And indeed, this is why the lambda calculus itself has proved Turing-complete: simply by composing functions within functions in this way, you can literally recreate the whole of computing and mathematics.

In practice though, people have their limits, and the day to day operation of a computer does require occasionally breaking the perfect mathematical puzzle for the sake of getting work done, and the vast majority of languages in existence allow for exactly that. A definition that doesn't allow for them might well be "true" in the "pure" sense of the word, but it's not very useful for people other than mathematicians.

And hell, even the Turing-machine uses mutable state.

Yeah I mean I for one am over ten years old so I remember when 'functional' pretty much just meant functions-as-first-class-values and every-thing-returns-a-value.

Then because those are pretty reasonable language features all the languages that had been written in the late 80s-mid 90s and became popular around 2000 had those features.

So then for a while 'functional' was just sort of way of saying 'not java'.

Now 'functional' seems to mean strong algebraic typing for some reason.

I explained it like this elsewhere:

The functional programming paradigm models computation as a relation between sets, and is thus inherently declarative. However, in practice, we often think of functions as imperative, ie you put in an input value and get out an output value, same as with a procedure. From this point of view, the characteristic property of a function is that it has no side-effects. Because of ambiguity of the terms, we call such a function pure, and a language which only has pure functions would be a purely functional language.

However, not all functional languages are pure: A functional language is a language with syntax and semantics which allows the programmer to use the functional paradigm efficiently. Some of the concepts which make using the paradigm feasible include - among others - lambda expressions with lexical closure, higher-order functions, variant types and pattern matching, lazy evaluation, type-inference (in case of statically-typed languages).

This is by no means an authorative list, and a language can very well be functional without providing all or even most of them, but if a language does - ie makes them usable without having to jump through major hoops - their presence is a strong indicator that the language should be considered functional.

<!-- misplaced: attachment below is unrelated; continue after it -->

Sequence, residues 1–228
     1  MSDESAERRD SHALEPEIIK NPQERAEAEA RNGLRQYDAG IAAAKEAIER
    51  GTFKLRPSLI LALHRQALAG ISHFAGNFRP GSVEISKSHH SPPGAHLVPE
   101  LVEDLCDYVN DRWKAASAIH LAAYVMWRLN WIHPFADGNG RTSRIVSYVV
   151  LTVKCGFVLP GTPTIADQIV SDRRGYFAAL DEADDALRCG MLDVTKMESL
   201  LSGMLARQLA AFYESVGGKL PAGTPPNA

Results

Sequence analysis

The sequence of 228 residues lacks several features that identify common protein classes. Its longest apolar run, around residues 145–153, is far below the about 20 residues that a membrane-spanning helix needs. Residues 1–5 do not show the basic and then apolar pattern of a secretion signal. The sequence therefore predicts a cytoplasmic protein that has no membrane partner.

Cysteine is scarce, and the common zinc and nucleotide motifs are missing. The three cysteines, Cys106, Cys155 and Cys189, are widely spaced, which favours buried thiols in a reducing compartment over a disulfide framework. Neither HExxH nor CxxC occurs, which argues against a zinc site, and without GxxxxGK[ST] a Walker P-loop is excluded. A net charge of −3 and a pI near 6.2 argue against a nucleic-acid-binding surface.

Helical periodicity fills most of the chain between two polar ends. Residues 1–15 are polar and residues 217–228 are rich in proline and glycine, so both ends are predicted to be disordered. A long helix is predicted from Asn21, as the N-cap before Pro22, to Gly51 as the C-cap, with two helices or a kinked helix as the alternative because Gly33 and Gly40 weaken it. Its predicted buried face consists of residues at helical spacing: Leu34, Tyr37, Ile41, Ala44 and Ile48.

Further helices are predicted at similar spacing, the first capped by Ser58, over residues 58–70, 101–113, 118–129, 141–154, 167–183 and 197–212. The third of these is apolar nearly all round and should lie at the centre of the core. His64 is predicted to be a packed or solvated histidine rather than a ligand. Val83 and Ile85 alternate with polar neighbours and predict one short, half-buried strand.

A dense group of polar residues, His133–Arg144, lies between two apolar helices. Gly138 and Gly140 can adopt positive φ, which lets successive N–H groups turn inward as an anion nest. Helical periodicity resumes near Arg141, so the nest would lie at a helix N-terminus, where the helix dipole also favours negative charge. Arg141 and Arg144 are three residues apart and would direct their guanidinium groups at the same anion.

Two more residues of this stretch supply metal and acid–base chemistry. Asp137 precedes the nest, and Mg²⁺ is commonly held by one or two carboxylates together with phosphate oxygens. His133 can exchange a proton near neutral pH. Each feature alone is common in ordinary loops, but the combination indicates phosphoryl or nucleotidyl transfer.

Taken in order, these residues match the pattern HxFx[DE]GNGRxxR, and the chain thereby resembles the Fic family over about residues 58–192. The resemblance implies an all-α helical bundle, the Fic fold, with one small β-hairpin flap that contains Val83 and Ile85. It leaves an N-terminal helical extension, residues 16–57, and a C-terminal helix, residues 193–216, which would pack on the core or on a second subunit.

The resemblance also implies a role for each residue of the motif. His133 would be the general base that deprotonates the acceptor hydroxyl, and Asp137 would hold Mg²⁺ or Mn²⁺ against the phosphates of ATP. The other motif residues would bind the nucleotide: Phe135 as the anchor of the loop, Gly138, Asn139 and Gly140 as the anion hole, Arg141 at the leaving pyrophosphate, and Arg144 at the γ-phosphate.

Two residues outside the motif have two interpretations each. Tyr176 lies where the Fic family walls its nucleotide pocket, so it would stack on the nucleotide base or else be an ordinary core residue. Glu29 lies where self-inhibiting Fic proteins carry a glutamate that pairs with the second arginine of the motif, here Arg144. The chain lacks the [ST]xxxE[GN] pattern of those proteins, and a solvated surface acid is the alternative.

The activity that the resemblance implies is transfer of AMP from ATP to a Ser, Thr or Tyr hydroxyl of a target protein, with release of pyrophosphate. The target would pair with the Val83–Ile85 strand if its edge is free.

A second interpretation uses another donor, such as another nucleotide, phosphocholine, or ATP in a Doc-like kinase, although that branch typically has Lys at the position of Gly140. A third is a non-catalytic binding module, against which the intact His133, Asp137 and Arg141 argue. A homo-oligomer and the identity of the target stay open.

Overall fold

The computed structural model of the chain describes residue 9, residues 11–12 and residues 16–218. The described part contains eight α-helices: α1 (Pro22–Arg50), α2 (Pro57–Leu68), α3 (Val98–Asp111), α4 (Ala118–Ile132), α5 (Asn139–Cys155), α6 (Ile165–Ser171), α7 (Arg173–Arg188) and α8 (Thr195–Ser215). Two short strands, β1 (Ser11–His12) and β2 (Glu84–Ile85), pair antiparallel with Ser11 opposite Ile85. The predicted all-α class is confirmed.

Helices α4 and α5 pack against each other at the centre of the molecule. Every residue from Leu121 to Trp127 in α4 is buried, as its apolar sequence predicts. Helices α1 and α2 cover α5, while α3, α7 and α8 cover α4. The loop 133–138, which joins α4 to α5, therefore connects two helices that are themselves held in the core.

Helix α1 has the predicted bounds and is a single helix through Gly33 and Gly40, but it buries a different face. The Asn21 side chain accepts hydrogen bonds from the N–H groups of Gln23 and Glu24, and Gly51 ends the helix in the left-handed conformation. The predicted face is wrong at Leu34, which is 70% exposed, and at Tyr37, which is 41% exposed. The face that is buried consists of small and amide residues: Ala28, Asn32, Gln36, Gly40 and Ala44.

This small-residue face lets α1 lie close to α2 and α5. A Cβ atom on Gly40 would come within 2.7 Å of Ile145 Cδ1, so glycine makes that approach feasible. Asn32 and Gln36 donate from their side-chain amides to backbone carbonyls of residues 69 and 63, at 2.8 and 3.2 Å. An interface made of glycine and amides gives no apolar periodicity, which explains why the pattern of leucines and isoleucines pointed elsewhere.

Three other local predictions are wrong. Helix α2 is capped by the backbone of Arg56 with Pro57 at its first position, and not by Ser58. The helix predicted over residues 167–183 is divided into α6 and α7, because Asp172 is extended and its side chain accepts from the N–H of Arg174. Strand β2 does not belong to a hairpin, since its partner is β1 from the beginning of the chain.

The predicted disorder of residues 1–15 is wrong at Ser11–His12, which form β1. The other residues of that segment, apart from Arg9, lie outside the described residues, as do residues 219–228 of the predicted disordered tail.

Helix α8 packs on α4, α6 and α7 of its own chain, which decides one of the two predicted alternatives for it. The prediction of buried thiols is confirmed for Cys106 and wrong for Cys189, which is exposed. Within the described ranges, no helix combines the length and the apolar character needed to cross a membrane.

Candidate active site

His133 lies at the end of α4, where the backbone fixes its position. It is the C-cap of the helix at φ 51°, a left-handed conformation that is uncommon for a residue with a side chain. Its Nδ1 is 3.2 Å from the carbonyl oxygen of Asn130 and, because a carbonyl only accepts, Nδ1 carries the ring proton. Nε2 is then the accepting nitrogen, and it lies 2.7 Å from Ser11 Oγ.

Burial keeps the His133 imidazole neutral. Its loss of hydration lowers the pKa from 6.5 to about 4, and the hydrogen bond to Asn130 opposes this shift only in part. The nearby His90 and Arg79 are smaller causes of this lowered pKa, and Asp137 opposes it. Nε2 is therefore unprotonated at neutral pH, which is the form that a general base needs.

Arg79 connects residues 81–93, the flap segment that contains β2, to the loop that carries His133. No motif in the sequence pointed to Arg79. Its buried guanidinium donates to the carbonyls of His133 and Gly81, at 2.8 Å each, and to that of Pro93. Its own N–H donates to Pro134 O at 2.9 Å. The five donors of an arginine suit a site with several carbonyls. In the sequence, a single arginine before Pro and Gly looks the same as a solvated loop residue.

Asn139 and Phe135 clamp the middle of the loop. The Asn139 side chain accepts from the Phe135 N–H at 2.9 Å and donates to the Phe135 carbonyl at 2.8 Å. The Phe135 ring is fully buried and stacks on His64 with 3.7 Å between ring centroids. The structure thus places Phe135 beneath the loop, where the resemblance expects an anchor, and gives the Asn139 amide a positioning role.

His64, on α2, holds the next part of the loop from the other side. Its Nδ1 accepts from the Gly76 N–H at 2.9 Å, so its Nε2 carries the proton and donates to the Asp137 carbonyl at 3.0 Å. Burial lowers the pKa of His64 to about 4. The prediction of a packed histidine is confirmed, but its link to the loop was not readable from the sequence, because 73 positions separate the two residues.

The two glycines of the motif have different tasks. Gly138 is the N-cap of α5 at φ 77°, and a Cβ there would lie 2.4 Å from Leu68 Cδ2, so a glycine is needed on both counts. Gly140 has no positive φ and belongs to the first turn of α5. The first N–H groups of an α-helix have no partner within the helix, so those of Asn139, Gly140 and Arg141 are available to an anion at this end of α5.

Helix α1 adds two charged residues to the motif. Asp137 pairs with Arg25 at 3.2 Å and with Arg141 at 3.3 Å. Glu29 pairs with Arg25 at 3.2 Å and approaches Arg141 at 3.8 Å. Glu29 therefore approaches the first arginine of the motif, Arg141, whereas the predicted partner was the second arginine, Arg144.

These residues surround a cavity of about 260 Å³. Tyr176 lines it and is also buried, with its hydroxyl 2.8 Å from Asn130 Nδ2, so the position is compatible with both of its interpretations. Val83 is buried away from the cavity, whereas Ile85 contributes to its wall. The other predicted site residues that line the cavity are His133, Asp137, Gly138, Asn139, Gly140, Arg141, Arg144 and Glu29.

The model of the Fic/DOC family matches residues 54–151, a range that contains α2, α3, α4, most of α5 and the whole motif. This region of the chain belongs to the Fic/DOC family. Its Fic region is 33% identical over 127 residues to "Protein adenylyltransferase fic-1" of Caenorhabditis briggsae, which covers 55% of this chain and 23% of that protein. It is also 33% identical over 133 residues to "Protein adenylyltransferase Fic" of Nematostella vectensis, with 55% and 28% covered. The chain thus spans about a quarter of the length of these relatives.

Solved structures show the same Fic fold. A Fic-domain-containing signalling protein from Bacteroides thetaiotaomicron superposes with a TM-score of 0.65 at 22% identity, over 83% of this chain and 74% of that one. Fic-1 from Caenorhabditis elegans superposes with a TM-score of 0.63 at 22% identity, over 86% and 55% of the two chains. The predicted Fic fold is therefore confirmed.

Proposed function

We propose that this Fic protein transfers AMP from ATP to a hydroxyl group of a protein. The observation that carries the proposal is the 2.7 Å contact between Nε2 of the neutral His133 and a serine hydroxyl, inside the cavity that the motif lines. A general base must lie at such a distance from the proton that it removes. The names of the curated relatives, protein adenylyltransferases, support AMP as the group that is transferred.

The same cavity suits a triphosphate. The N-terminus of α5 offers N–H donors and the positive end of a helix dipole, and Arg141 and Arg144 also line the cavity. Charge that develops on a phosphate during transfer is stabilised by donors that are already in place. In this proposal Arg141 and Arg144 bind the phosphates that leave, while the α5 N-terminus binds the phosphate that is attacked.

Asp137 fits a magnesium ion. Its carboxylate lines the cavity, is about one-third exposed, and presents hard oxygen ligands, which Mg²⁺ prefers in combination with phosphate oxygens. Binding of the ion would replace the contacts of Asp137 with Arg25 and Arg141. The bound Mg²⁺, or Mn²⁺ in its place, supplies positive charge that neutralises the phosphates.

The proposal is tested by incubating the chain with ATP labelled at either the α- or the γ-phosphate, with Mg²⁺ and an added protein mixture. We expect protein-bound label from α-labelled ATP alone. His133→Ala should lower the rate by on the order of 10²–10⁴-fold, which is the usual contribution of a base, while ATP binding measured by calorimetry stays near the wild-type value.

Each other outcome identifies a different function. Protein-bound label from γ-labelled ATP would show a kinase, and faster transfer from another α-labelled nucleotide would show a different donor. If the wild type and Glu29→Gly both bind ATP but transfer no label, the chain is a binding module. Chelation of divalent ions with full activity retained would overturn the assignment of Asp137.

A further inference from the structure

It's a spectrum really. For example, OCaml is much more functional than JavaScript by having strong typing, inductive types, pattern matching etc. but lets you write functions with side effects unlike Haskell.

Haskell lets you do side effects. The difference is that the type system carefully controls them.

It's a matter of definition. It's perfectly consistent to say Haskell does not allow side-effects as they stop being such once they have been reified.

But then it's equally consistent to say that C doesn't allow side-effects because the whole program is reified.

I was more referring to how OCaml allows mutable references and arrays, and allows IO similar to imperative languages whereas Haskell isn't so generous.

Haskell absolutely allows mutable references and arrays. See IORef [1] and MVector [2]. Notice how the functions that perform mutation are monadic. That's Haskell controlling the side effects and making sure that they don't pollute pure code. The ST monad stuff [3] that wyager mentioned is even cooler because it allows you to bundle up side effecting stuff and actually use it in pure code in a completely safe way, which is something that you can't do (without the dubious usafePerformIO) with the IO monad.

[1] https://downloads.haskell.org/~ghc/latest/docs/html/librarie...

[2] http://hackage.haskell.org/package/vector-